FryUp: Plan B for ITC, IBM doesn't like Mondays either

Top Stories: - Plan B for IT Capital - IBM doesn't like Mondays either

Top Stories:

- Plan B for IT Capital

- IBM doesn't like Mondays either

- Plan B for IT Capital

Like some bad 50s science fiction movie IT Capital has managed to fend off the unwanted advances of its minority shareholders and has pulled itself free of the toxic sludge of bad publicity. Or has it? (cue "ooh-ee-ooh" music).

IT Capital, for those who care to know, was a high-flyer in the dot com era. Well, it was as near to being a high-flyer as we had in New Zealand. Kind of a medium to low-flyer with training wheels on. ITC was set up as a venture capitalist and ended up owning a bevy of start-up companies that would one day be worth billions of imperialist Yankee dollars and would make their owners fabulously wealthy and powerful beyond their wildest dreams.

Currently, ITC shares are trading at about the four cent mark.

Two of New Zealand's better known IT company managers have jumped on board the listing hulk and claimed salvage rights. Maurice Bryham you may remember set up PC Direct and got out while the going was good, then set up exo-net. David McKee Wright was hired as managing director of PC Direct and eventually flogged it off to Gateway which didn't know what to do with it and so pulled out of New Zealand altogether.

McKee Wright was finally hired on at exo-net and promised to take the company to Singapore because New Zealand was too backward to understand its potential. He changed his mind and exo-net stayed, and was eventually sold to Solution Six in Australia.

Now, with pockets bulging and at something of a loose end, the dynamic duo have set out to rescue IT Capital, by selling it their stakes in three companies in exchange for a large number of ITC shares.

Eh?

That's what I thought. ITC would buy stakes in three companies -- Sealegs International, Conceptual Solutionz and Datasquirt -- off Bryham and McKee Wright in exchange for the boys putting in money of their own and bringing along some outside investors.

However, the small shareholders, led by that perennial thorn in the side of company directors everywhere, Shareholders' Association chairman Bruce Sheppard, questioned the independent valuation of ITC shares and demanded answers to lots of questions. Apparently he scared off the investors so Bryham and McKee Wright have had to scale back their rescue plan to majority holdings in two of the three companies and less of a capital injection.

What does this mean for IT Capital? Buggered if I know. Presumably this will help save them from having lots of money but nothing to spend it on, although I don't know that should ever be considered a problem.

Oh to be a business reporter, eh? I, of course, am but a simple man trying to make my way in the universe.

Shareholder campaign forces IT capital to find plan B - NZ Herald

IT Capital muddles through - IDGNet

Breathing space for IT Capital - NZ Herald

IT Capital worries put wind up investors - NZ Herald

- IBM doesn't like Mondays either

Speaking of money burning a hole in your pocket, IBM went out shopping for a nice tie the other day and came back with a consultancy firm.

Don't you just hate it when that happens?

"It looked so lonely in the window and I knew you wanted one really and well, I'll look after it and make sure it doesn't chew your slippers." Hopefully this is one present that won't be turfed out the first time it pees on the rug.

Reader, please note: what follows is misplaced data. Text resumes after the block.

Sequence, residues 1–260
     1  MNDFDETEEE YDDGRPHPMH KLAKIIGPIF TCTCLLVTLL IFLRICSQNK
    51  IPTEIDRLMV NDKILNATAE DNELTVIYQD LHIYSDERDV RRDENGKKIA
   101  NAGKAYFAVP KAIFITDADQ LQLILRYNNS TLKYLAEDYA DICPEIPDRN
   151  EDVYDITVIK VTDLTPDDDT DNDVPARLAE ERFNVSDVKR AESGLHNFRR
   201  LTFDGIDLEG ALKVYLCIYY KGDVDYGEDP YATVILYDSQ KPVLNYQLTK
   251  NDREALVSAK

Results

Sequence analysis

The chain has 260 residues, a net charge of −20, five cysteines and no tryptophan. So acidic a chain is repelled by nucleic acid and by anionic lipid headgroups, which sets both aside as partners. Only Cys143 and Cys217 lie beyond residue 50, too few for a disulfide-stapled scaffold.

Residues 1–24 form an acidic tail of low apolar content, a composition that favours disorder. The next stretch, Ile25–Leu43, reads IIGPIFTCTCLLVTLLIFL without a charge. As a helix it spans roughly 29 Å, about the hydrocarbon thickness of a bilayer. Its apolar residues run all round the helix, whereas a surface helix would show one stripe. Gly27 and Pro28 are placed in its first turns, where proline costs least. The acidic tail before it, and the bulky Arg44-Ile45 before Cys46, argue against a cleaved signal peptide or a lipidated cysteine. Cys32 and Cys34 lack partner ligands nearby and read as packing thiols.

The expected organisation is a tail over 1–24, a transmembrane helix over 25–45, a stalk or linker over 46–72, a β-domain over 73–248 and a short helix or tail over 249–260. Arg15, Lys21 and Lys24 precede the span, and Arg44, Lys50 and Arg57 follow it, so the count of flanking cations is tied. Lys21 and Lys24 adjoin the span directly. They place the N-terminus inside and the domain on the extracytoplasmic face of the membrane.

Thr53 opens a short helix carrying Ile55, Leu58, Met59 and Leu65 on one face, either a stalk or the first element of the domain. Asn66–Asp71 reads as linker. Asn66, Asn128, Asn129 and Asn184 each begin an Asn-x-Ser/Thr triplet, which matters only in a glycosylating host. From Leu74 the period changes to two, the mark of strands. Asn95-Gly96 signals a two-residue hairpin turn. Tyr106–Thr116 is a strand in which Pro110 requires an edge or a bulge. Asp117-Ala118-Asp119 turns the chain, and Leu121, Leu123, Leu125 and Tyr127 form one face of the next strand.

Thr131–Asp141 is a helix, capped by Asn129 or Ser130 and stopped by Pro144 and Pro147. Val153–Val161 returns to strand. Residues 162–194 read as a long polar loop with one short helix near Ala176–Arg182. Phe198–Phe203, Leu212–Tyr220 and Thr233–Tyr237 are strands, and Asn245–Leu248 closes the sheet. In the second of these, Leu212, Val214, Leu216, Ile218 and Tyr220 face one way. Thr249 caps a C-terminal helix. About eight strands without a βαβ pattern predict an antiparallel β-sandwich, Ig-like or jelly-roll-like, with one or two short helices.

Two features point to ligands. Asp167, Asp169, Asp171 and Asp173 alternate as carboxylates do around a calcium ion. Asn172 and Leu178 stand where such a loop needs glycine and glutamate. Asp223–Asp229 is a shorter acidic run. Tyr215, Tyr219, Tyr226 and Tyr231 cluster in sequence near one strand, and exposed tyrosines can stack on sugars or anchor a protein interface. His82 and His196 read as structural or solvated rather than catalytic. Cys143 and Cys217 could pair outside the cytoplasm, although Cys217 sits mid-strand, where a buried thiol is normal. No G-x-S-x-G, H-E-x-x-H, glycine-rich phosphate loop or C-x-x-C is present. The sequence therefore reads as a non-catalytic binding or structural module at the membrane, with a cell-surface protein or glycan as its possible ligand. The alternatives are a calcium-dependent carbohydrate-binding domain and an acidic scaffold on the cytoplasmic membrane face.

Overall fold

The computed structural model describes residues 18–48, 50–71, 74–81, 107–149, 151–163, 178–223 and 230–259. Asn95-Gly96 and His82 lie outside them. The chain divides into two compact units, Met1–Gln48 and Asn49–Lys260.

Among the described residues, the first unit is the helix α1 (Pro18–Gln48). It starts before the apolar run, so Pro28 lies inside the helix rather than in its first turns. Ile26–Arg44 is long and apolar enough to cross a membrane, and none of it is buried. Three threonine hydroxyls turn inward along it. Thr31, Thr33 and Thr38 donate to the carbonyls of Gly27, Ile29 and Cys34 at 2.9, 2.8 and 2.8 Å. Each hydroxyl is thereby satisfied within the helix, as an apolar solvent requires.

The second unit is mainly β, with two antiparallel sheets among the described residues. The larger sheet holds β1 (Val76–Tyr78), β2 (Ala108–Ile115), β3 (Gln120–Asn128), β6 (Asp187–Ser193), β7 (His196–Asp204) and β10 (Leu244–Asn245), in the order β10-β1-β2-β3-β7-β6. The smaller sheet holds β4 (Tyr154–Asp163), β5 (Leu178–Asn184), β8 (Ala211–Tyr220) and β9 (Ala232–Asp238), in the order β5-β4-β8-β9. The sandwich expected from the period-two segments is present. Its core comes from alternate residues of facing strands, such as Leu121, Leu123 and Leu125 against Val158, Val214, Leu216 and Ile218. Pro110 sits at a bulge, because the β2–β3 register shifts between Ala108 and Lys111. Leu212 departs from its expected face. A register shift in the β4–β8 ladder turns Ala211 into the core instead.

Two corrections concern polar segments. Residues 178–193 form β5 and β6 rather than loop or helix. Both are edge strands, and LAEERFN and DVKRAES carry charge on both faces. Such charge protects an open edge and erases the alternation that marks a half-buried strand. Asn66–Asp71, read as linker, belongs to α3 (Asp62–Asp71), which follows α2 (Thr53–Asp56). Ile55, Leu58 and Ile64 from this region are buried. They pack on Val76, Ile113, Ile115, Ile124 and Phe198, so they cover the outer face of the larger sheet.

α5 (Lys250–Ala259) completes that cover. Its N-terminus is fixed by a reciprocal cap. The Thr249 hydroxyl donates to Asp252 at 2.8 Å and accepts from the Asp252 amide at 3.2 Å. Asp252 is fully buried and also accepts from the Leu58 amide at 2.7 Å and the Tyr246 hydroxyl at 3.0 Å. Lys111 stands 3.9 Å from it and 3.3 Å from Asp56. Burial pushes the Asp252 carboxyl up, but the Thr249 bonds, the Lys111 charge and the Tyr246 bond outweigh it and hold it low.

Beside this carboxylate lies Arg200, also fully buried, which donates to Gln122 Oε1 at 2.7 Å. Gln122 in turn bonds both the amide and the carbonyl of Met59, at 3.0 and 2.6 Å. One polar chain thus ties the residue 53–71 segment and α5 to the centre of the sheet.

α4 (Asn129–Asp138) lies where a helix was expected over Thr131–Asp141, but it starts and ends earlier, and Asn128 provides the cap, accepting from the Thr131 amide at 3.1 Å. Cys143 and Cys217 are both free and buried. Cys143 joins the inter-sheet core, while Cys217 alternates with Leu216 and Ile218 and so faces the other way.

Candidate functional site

PricewaterhouseCoopers has decided discretion is the better part of accounting and has spun off its consultancy arm, now known as Monday, for some obscure marketing reason, and flogged it off for a cool $US3.5 billion.

Interestingly, this is the same consultancy arm that PwC wanted closer to $US15 billion for only a couple of years ago when Hewlett-Packard tried to buy it. HP walked away from the deal and ended up buying Compaq, which is a nice rebound gift I suppose.

Accountancy firms got into the world of consultancy some years ago now and have been creaming it ever since. However, since Arthur Andersen's problems with Enron and later with WorldCom, the accounting firms have accepted there's a conflict of interest in being both integrator and bean counter and are getting rid of their consultancy arms as fast as they can, despite them making truckloads of cash. Telecom has recently announced it has changed its accounting rules and now PwC can't be both accountant and consultant, and PwC decided to stay as consultant because it was earning far more from that side of the business than from the bean counting side.

Unfortunately this trend also means the marketing droids have gone bananas, and so we see PwC Consulting become Monday and now Deloitte Consulting become, wait for it, Braxton - either a snide reference to the US singer with the taste in see-through, stick-on dresses or a comment on false labour pains. You pick. IBM's first move has been to ignore the whole Monday thing, which at least shows it has good taste.

Kudos must surely go to IDC New Zealand's Mark Cribbens who managed to get a learned opinion out to the waiting news room fax machines around the land in less than half an hour, thus breaking several land speed records if not actual laws of physics. The results of his labour can be seen on Stuff, NZ Herald and, ahem, IDGNet.

IBM to buy PwC Consulting for $US3.5 billion - IDGNet

Expanded IBM to have 10pc of NZ services market - NZ Herald

IBM climbs Kiwi services market - Stuff

Join the newsletter!

Error: Please check your email address.

More about AndersenAndersenArthur AndersenCompaqDeloitte ConsultingDeloitte ConsultingDeloitte ConsultingEnronGatewayGatewayHewlett-Packard AustraliaHPIBM AustraliaIDC AustraliaITCPC DirectPlan BPricewaterhouseCoopersPricewaterhouseCoopersWorldCom

Show Comments
[]